Recovery from the frost damage that occurred on May 9 across the Upper Midwest has been quite slow, due to extended cloudy, cool conditions that existed across most of the region from May 9 to 14. A large percentage of the emerged corn in southern Minnesota and northern Iowa was impacted by the extensive hard frost on May 9. The exposed portions of emerged young corn plants received significant frost damage. Fortunately, the growing point on most of the corn was still below the soil surface, and was likely protected from serious frost damage. However, some agronomists are concerned that areas that had very cold temperatures below 28° F for a period of two to four hours or longer could have more significant damage. Frost damage to corn is also likely to be greater on sandier or peat-type soils, in fields that were planted to corn in 2009 and in areas near road ditches, grass waterways or other non-tillable acres.
Extremely cool temperatures and cloudy, rainy weather following the frost, from May 9 to 14, has greatly slowed the recovery of the frost damaged corn plants. Normally, damaged corn plants should start to exhibit new surface growth in about three to five days; however the very cool weather pattern has extended that period to seven to 10 days. Producers should be able to analyze corn plant recovery and make any replant decisions by about May 18-20 in most situations. It is probably best to rely on the assistance of a crop consultant or agronomist before finalizing corn replant decisions. According to University of Minnesota (U of M) research for southern Minnesota (2005-2008), an original corn population of 36,000 plants/acre can be reduced to 30,000 plants/acre with only an average 3% yield reduction, and to 24,000 plants with an average 9% yield reduction. By comparison, a May 20 corn planting date would have an average yield reduction of 8% compared to a late April planting date, and a planting date of May 25 would have an average yield reduction of 15% compared to an April planting date. So, it is highly likely that yield reductions from replanting corn in the last half of May could likely be greater than potential yield reductions from minor corn stand loss from frost damage.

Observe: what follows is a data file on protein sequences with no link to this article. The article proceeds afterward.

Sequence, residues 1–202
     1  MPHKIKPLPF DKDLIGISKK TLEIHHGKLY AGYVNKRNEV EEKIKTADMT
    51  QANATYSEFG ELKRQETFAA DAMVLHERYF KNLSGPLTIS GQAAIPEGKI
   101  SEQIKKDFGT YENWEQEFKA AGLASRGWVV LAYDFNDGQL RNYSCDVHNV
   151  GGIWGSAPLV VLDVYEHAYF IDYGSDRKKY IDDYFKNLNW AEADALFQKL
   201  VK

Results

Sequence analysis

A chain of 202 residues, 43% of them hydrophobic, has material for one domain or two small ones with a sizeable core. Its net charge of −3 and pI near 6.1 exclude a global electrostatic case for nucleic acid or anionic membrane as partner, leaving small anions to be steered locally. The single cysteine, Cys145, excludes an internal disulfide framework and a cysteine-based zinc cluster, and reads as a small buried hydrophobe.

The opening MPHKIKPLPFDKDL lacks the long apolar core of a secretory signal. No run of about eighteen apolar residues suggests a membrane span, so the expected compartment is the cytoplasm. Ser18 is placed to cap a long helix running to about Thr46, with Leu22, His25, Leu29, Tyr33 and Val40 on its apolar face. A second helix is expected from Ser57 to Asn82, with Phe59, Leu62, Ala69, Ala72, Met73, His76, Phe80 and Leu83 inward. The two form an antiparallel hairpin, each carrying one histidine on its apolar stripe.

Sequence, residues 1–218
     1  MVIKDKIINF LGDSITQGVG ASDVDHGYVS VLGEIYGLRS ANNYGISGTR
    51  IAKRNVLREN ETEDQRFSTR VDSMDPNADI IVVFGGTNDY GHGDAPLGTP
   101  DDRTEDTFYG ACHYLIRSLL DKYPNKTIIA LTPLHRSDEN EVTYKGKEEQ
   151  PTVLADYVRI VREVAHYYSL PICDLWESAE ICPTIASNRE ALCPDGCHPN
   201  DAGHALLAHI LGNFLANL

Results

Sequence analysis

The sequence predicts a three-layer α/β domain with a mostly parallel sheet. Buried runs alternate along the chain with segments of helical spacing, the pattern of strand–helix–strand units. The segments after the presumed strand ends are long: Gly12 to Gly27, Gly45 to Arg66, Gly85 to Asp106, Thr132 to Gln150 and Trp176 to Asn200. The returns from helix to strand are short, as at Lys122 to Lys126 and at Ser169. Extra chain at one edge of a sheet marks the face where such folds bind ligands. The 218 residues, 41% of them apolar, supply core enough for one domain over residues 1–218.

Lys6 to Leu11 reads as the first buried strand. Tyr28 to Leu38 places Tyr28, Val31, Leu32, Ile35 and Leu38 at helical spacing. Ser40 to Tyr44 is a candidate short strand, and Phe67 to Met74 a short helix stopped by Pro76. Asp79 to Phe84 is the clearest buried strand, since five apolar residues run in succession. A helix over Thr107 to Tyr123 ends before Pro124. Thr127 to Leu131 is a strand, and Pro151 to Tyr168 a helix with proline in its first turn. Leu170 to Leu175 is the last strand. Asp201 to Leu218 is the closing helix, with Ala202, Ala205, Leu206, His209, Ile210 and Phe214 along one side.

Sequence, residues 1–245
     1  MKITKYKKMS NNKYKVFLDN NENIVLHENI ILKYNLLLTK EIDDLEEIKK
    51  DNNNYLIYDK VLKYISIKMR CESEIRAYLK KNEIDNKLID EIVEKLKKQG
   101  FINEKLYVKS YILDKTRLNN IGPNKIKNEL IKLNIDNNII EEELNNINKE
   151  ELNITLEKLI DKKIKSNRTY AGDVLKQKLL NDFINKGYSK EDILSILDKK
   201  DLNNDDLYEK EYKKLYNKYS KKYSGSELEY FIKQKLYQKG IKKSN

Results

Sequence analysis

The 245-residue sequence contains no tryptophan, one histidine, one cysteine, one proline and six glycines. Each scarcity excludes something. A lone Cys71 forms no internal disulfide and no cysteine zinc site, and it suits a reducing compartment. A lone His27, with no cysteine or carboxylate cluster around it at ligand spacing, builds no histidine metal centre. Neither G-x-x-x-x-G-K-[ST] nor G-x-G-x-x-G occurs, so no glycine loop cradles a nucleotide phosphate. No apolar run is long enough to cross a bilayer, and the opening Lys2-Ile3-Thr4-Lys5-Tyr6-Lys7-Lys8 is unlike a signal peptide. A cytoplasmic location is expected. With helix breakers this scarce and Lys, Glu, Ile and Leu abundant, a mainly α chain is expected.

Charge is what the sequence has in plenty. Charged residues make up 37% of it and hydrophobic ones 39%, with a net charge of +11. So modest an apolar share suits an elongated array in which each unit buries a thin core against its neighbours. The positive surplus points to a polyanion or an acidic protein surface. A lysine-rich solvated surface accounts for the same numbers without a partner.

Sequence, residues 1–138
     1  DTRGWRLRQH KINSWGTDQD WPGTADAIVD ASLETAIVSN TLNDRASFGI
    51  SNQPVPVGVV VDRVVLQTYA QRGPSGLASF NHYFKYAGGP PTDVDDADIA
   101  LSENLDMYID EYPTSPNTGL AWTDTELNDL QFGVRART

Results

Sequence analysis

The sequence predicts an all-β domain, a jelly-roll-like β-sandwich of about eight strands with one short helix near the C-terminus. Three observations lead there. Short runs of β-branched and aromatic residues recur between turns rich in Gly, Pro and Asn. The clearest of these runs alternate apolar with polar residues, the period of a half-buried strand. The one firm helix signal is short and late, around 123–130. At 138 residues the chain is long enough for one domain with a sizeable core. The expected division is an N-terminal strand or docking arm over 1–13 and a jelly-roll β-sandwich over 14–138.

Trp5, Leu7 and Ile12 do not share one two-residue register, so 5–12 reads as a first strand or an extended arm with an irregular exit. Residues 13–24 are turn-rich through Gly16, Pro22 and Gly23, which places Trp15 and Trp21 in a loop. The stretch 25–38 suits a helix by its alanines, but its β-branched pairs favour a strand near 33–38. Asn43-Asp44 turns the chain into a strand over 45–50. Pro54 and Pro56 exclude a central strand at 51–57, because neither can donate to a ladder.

At the U of M Southern Research and Outreach Center at Waseca, the high temperature from May 9 to 14 ranged from 44° to 56°, and was below 50° on three days. During that period only 8 growing degree units (GDUs) were accumulated; however, 32.5 GDUs were accumulated over this past weekend from May 15 to 17. The total GDU accumulation at Waseca since May 1 is now at 94.5, which is well below the normal from May 1 to 17 of 153 GDUs. Fortunately, the 2010 corn crop got off to a good start in April, with early planting dates, and approximately 150 or more GDUs accumulated in most areas. The weather forecast for late May in the Upper Midwest sounds quite favorable for crop production, and should help the frost damaged corn recover, as well as provide excellent growing conditions for newly planted soybeans.
2010 ACRE Program Signup
Eligible farm operators and landowners have until June 1, 2010, to enroll in the ACRE Program for 2010 at county Farm Service Agency (FSA) offices. Producers who enrolled in ACRE for the 2009 crop year are automatically enrolled in ACRE for 2010, 2011 and 2012 when they annually sign-up for the farm program at county FSA offices. Other producers can enroll in ACRE for 2010 when they sign-up for the 2010 farm program at anytime until June 1, 2010. All producers must sign-up for the 2010 Direct and Counter-Cyclical Program (DCP) at their county FSA office in order to receive their 2010 direct payments on eligible crops, including corn, soybeans and small grains. For more information on the ACRE program or 2010 DCP program sign-up, producers should contact their county FSA Office, or go to the USDA FSA website.
ACRE enrollment does require a signature from landlords on cash rental farm units. Producers are encouraged to analyze situations and scenarios that are more favorable for ACRE enrollment for 2010, as well as situations where the best option may be continuing with the traditional DCP farm program.
To receive copies of updated ACRE program information and a listing of websites with good ACRE information, please contact Kent Thiesse via e-mail at email@example.com.
Editor’s note: Kent Thiesse is a former University of Minnesota Extension educator and now is Vice President of MinnStar Bank, Lake Crystal, MN. You can contact him at 507-726-2137 or via e-mail at firstname.lastname@example.org.